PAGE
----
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What can we learn from ‘unpopular’ music and its audiences?

Atton, Chris


Chris Atton


The sociology of popular music has tended to eschew conventional musicological approaches and instead to locate the listening experience as one rooted in social uses and pleasures. Where musicological analysis is employed, it tends to reinforce the commonality of pleasures by proposing a reading of music that can be mapped on to listeners’ social experiences. Such studies risk presenting static and predictable accounts of listening.

Instead, we can examine the development, consolidation and renewal of audiences’ approaches to listening, and explore the tools and processes they use, such as music journalism, amateur writing, rituals of collecting; in short, an ethnomethodological approach to the array of musical analysis used by listeners themselves, not by sociologists or musicologists.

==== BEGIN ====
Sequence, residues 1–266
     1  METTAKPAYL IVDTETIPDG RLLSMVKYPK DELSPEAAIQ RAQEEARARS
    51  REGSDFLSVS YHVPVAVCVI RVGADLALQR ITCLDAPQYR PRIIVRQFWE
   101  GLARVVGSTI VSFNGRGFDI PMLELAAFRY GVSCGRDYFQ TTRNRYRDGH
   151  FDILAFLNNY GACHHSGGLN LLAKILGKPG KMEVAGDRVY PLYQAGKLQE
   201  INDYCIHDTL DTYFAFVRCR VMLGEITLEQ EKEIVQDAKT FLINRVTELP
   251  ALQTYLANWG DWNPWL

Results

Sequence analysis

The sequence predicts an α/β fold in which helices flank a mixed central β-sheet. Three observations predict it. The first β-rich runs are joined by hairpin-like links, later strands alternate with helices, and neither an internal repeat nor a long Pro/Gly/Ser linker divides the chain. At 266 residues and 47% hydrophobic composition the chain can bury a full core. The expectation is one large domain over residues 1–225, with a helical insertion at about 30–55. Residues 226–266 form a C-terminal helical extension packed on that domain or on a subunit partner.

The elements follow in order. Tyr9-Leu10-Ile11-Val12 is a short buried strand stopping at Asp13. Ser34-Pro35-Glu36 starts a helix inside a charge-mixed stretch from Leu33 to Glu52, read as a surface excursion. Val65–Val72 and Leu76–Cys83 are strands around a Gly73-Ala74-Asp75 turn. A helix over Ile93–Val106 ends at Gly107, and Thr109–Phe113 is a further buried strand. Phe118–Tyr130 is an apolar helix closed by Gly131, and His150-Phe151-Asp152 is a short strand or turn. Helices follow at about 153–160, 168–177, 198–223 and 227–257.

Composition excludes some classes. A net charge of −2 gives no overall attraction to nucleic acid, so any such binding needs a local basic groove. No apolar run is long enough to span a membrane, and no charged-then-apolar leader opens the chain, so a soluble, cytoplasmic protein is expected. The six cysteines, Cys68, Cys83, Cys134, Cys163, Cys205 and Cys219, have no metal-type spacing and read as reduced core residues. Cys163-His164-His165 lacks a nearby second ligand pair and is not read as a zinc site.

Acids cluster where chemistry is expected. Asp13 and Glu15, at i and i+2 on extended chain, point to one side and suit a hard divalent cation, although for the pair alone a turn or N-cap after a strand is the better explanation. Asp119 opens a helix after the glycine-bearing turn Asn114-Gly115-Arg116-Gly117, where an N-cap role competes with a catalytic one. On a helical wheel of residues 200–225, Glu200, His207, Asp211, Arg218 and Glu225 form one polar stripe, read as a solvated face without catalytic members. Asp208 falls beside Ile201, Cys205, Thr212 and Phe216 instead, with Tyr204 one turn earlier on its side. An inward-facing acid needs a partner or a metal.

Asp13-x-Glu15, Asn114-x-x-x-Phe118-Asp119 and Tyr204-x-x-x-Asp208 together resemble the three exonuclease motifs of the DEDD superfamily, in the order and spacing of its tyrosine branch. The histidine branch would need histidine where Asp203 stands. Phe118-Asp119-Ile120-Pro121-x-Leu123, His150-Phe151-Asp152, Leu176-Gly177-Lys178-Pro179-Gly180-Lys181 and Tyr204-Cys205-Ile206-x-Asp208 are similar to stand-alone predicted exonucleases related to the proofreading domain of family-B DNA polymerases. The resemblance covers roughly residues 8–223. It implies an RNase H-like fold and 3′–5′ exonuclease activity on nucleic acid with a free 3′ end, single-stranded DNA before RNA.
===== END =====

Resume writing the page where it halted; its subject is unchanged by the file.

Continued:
A rich site for such research is what we might term ‘unpopular’ forms of popular music, such as avant-garde rock, free improvisation and Noise. These styles comprise a largely unconsidered field of music where explicit ideologies of experimentation, exploration and ‘progress’ can render genres unstable and where musical practices challenge dominant accounts of the social, the authentic and the ‘real’ in popular music.

Presentation Conference Type Conference Paper (unpublished)
Conference Name Studying Music: An International Conference in Honour of Simon Frith
Start Date Apr 10, 2014
End Date Apr 12, 2014
Publication Date 2014-04
Deposit Date Apr 16, 2014
Peer Reviewed Not Peer Reviewed
Keywords Popular music; musicology; listening experience; music journalism; avant-garde rock; improvisation; Noise;
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